Magda Portal was born on May 27, 1900 in Barranco, near Lima, Peru. As a young woman, she worked during the day, and attended classes at the University of San Marcos during the evening. These classes broadened her views on philosophical and political ideals. During this stage of her life as a young woman, she began her literary career by writing poetry and reporting for magazines. In 1923, Portal was recognized by the prestigious Juegos Florales poetry competition. However, Portal refused to accept the prize when she heard Augusto Leguia, the Peruvian president was to announce and award the prize to her. This was a definitive move in her career, and perhaps marked the beginning of Portal’s political career.
Portal continued to write extensively after this poetry competition in 1923. On November 11, 1923, she gave birth to her daughter, Gloria. When Portal returned to Peru after a trip to Bolivia, she became actively involved in progressive politics and the active literary scene in Lima, Peru. In June 1927, her role in progressive politics made her one of the many people the regime of Augusto Leguía exiled for allegedly participating in communist organizations. After she was exiled, she traveled first to Cuba and then to Mexico. While in Mexico, she met Haya de la Torre, the Peruvian founder of the Alianza Popular Revolucionaria Americana (APRA) movement, who recruited her to the Aprista movement. She then became the cofounder, along with many others, of the Aprista party in 1931. At this time Portal began to focus more on politics than poetry and she became a committed anti-imperialist. Portal traveled all over Latin America promoting these anti-imperialist and Aprista ideals, proving herself as a political leader.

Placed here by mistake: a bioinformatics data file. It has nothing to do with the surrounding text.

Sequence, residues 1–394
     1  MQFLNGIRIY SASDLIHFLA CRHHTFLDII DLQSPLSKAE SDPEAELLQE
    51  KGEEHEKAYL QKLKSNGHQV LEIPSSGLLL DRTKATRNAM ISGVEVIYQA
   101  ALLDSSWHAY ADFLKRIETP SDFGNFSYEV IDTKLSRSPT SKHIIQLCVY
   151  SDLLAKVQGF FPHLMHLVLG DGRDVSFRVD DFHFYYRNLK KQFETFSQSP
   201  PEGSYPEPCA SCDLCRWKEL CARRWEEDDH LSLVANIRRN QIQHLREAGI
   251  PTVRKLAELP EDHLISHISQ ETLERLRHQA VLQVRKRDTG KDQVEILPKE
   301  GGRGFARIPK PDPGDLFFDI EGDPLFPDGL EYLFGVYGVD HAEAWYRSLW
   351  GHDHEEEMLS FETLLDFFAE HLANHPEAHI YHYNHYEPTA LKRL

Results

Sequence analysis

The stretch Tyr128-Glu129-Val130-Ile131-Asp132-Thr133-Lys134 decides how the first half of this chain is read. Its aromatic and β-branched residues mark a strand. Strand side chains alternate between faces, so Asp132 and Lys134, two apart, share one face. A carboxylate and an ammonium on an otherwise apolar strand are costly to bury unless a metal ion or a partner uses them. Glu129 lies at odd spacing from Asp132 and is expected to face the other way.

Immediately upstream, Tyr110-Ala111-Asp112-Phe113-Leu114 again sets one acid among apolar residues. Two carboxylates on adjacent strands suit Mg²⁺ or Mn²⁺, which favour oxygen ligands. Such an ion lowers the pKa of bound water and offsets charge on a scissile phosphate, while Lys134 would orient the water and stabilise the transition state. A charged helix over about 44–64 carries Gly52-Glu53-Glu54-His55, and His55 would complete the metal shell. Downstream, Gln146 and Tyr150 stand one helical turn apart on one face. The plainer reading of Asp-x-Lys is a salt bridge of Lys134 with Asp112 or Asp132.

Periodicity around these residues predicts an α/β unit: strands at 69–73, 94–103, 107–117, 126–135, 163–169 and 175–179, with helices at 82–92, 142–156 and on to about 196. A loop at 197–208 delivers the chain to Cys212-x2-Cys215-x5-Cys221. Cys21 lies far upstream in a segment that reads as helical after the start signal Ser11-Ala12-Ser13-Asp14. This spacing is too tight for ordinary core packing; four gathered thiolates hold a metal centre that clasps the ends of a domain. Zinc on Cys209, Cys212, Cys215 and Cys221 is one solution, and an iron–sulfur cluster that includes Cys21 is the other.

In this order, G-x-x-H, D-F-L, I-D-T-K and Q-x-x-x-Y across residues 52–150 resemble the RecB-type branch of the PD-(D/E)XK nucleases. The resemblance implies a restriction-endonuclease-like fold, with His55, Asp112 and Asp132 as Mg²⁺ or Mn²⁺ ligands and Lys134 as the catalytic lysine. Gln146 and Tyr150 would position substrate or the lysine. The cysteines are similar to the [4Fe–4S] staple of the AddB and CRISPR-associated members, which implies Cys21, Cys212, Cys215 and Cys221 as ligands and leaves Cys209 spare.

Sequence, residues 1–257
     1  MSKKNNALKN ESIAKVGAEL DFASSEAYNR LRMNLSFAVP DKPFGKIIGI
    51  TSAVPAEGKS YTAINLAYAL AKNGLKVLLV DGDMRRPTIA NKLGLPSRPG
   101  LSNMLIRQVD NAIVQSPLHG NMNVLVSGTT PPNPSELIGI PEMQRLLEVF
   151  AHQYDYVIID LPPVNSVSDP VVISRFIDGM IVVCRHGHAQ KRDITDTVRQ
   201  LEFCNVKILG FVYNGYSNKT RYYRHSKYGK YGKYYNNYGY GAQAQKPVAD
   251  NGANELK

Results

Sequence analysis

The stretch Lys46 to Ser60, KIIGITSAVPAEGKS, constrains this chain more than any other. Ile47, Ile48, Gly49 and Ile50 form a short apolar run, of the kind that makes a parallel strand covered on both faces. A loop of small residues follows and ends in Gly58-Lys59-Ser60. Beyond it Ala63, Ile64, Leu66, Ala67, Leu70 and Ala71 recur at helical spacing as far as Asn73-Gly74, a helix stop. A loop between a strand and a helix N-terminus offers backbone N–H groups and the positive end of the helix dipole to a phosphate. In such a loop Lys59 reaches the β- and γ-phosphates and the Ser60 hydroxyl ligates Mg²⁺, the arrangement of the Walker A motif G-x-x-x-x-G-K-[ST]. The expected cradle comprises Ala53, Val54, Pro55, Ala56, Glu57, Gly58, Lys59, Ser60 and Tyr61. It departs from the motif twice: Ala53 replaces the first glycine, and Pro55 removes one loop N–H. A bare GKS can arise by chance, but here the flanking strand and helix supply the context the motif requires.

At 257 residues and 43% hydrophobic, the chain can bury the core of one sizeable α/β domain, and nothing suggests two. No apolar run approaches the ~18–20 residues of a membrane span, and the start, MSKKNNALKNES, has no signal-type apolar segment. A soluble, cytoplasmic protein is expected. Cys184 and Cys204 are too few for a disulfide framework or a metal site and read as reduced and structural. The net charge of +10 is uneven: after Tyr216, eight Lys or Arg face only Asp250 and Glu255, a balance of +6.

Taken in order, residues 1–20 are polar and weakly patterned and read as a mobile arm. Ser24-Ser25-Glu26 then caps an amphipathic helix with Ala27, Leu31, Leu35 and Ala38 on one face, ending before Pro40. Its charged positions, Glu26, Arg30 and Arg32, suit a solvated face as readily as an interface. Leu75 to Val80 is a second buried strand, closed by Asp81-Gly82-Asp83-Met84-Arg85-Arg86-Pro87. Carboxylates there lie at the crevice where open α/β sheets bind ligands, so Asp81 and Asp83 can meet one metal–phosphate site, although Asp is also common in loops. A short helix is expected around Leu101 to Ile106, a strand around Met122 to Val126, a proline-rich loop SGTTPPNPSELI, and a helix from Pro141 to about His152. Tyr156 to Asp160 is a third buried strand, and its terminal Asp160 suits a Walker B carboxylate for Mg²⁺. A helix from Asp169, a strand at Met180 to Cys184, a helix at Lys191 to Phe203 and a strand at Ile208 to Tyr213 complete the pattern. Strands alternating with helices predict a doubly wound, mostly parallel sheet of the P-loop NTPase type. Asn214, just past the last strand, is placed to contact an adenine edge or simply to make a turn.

In 1930 Portal traveled to Chile, but was imprisoned and placed into solitary confinement. Later that year after President Leguía’s regime fell, Portal finally returned to Peru where she was appointed to the task of organizing women’s Aprista groups throughout Peru by the Aprista party’s national executive committee, which Portal was a member of. She continued in her work by assisting with the party magazine, Apra, and by publishing and editing various propaganda pamphlets. The government of Luis Miguel Sánchez Cerro followed Leguía’s regime, whose goal was to eliminate the Aprista movement and his administration persistently persecuted them. This persecution forced Portal and many other Apra members to live clandestinely and continue with Apra work illegally.
In 1933, Sánchez Cerro was assassinated by an Aprista militant. With Sanchez Cerro out of power, Oscar Benavides stepped into power. The same year, Portal was named the National Secretary of Women’s Affair for the Aprista party. In this leadership position Portal traveled around Peru and eventually was imprisoned once again. When she finally received her freedom in 1936, Portal travelled to Bolivia, then to Argentina, and onwards to Chile. In 1945, Portal returned to Peru. Her opinions on the Aprista party’s ideals began to differ from the others, and felt betrayed by the party. In 1949, [This break came in 1950] she publicly broke from the Aprista party, after feeling that the part had strayed from its original and anti-imperialist goals. She continued her activist role, however, and continued to advocate strongly for women’s rights throughout the 1970s.
By the 1970s and 1980s, Portal’s literary accomplishments began receiving increased critical attention. Portal had begun her writing in the 1920s. She was a recognized leader in the vanguardia literary movement. She wrote and published poetry, books, and newspaper and magazine articles all over South America, many of which conveyed her progressive views on women’s rights. In 1980 Portal was elected the president of the Asociación Nacional de Escritores y Artistas and is still remembered as a literary leader in Latin America. Portal died in 1989.Una Esperanza y El Mar. 1927
Flora Tristan, Precursora. 1944
Costa Sur. 1945
Constancia del Ser. 1955
La Trampa. 1957